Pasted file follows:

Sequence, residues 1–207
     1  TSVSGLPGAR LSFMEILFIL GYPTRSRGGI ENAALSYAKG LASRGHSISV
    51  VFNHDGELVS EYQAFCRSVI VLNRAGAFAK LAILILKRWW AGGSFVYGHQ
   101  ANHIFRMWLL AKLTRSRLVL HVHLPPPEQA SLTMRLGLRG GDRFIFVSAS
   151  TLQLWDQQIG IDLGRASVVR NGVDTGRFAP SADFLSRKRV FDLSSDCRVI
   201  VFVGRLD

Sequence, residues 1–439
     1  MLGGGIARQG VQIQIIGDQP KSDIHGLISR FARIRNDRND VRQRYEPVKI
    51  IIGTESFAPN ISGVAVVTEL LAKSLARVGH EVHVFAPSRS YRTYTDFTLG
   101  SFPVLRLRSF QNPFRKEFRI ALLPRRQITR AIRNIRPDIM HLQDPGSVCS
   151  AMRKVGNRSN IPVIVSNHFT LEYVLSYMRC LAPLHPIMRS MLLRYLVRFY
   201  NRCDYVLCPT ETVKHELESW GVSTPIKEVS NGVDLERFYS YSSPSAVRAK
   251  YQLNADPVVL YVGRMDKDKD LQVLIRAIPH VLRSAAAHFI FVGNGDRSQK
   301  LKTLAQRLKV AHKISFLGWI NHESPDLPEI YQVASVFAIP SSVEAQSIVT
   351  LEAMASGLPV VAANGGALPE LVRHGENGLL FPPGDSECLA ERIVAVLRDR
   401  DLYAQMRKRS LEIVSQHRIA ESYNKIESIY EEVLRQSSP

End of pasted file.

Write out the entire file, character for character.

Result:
Sequence, residues 1–207
     1  TSVSGLPGAR LSFMEILFIL GYPTRSRGGI ENAALSYAKG LASRGHSISV
    51  VFNHDGELVS EYQAFCRSVI VLNRAGAFAK LAILILKRWW AGGSFVYGHQ
   101  ANHIFRMWLL AKLTRSRLVL HVHLPPPEQA SLTMRLGLRG GDRFIFVSAS
   151  TLQLWDQQIG IDLGRASVVR NGVDTGRFAP SADFLSRKRV FDLSSDCRVI
   201  VFVGRLD

Sequence, residues 1–439
     1  MLGGGIARQG VQIQIIGDQP KSDIHGLISR FARIRNDRND VRQRYEPVKI
    51  IIGTESFAPN ISGVAVVTEL LAKSLARVGH EVHVFAPSRS YRTYTDFTLG
   101  SFPVLRLRSF QNPFRKEFRI ALLPRRQITR AIRNIRPDIM HLQDPGSVCS
   151  AMRKVGNRSN IPVIVSNHFT LEYVLSYMRC LAPLHPIMRS MLLRYLVRFY
   201  NRCDYVLCPT ETVKHELESW GVSTPIKEVS NGVDLERFYS YSSPSAVRAK
   251  YQLNADPVVL YVGRMDKDKD LQVLIRAIPH VLRSAAAHFI FVGNGDRSQK
   301  LKTLAQRLKV AHKISFLGWI NHESPDLPEI YQVASVFAIP SSVEAQSIVT
   351  LEAMASGLPV VAANGGALPE LVRHGENGLL FPPGDSECLA ERIVAVLRDR
   401  DLYAQMRKRS LEIVSQHRIA ESYNKIESIY EEVLRQSSP